Changing trends in the nature of vocal fold motion impairment

Albert L. Merati, Nima Shemirani, Timothy L. Smith, Robert J. Toohill

Research output: Contribution to journalArticle

42 Scopus citations

Abstract

Purpose: Vocal fold motion impairment (VFMI) continues to be a dominant issue in laryngology. The objective of this study is to examine a contemporary population of patients with newly diagnosed VFMI and detect changes in the nature of the cases compared with previous reports. Materials and methods: Eighty-four patients with newly diagnosed VFMI are identified from the first author's clinic over a recent 1-year period. Patient demographics, etiology, side, and nature of the impairment are determined from retrospective chart review. Results: Of the 84 patients, 47 (56%) are women and 37 (44%) are men. The average age of all patients is 53.4 years. Seventy-five (89.3%) of the 84 VFMIs were unilateral, with 11% (9/84) being bilateral. The left side was affected in 52% (39/75) of the patients; the right side was affected in 48% (36/75) of the unilateral cases. The motion impairment was complete in 61.3% (46/75) of the unilateral cases and partial in the remaining 38.7% (29/75). With regard to etiology, iatrogenic causes were the most prevalent with 47.6% (40/84) of the patients. Idiopathic cases comprised 36.9% (31/84) of the patients. Neoplasms (7.1%, 6/84) and miscellaneous causes (7.1%, 6/84) accounted for smaller portions of the remainder. Of the iatrogenic VFMI cases, 27.5% (11/40) followed cervical spine operations. Chest, intracranial, and thyroid surgery accounted for 6 (15%) patients each, as did endotracheal intubation (n = 6, 15%). Conclusions: Compared with previous reports, the incidence of iatrogenic cases reviewed here is relatively high. Anterior cervical spine surgery surpassed thyroidectomy and all other procedures as the most common cause of iatrogenic VFMI in this contemporary study.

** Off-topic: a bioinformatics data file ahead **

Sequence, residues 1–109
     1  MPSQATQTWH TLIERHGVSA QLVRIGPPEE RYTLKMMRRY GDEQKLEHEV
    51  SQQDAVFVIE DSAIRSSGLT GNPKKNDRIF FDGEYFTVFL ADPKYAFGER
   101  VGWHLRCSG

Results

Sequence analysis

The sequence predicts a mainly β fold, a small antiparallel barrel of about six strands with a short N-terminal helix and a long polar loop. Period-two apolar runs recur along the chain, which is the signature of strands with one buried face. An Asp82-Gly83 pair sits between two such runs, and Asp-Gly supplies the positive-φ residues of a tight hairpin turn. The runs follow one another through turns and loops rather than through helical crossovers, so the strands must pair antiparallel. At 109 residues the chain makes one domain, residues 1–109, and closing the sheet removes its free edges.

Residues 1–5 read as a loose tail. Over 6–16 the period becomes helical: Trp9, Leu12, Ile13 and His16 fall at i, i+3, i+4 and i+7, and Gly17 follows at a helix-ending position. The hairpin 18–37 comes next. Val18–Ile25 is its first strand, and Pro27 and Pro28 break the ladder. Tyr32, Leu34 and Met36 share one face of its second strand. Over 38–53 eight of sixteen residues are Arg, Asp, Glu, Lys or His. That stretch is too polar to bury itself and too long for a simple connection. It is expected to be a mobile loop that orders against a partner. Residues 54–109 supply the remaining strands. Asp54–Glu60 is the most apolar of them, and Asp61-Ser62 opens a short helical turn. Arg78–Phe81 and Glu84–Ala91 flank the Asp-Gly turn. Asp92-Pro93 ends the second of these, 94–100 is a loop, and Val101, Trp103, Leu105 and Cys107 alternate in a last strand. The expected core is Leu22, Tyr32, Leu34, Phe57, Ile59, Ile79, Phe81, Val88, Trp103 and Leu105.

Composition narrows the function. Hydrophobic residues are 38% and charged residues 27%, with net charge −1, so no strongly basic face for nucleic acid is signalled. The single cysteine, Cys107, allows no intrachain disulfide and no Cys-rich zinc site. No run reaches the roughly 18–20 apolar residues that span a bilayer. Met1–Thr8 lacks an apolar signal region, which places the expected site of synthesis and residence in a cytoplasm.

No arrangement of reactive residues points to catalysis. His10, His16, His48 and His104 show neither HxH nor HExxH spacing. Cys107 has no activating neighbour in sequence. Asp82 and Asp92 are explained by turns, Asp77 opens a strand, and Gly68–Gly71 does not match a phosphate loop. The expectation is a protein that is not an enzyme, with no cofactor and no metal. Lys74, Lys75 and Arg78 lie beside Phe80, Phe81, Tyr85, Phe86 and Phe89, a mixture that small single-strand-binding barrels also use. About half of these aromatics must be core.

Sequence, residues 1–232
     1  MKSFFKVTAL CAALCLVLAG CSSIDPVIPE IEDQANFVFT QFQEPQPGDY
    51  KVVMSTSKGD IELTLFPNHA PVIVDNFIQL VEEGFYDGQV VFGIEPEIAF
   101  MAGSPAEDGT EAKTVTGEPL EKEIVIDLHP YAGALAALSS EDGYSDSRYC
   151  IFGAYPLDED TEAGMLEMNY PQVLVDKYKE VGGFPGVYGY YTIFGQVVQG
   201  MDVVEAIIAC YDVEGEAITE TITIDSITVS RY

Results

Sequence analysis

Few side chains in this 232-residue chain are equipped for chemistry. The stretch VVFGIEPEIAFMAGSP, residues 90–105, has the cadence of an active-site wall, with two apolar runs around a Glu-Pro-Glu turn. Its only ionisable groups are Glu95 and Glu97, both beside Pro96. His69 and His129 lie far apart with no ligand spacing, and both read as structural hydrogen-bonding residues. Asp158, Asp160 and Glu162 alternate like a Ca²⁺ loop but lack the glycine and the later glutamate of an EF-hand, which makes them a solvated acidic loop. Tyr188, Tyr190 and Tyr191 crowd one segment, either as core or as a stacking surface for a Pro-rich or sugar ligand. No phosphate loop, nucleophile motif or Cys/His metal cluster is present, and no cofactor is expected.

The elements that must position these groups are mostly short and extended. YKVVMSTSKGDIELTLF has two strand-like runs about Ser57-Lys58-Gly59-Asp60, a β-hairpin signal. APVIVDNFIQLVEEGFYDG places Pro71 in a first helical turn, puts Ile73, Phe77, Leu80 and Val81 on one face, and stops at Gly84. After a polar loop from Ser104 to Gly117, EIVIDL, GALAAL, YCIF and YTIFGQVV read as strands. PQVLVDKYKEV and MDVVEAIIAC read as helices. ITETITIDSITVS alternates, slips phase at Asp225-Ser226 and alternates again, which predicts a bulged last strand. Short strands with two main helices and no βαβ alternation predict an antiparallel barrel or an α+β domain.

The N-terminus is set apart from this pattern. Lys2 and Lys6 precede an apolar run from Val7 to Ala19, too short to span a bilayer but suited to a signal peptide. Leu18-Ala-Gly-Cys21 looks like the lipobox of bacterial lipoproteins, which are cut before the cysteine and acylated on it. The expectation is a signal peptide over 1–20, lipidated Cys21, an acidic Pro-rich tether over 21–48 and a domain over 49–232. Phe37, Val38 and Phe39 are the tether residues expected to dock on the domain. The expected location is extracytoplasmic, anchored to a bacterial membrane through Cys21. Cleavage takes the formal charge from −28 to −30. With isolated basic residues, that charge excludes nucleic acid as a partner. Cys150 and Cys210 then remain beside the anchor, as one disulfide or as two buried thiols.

Original languageEnglish (US)
Pages (from-to)106-108
Number of pages3
JournalAmerican Journal of Otolaryngology - Head and Neck Medicine and Surgery
Volume27
Issue number2
DOIs
StatePublished - Mar 1 2006

ASJC Scopus subject areas

  • Otorhinolaryngology

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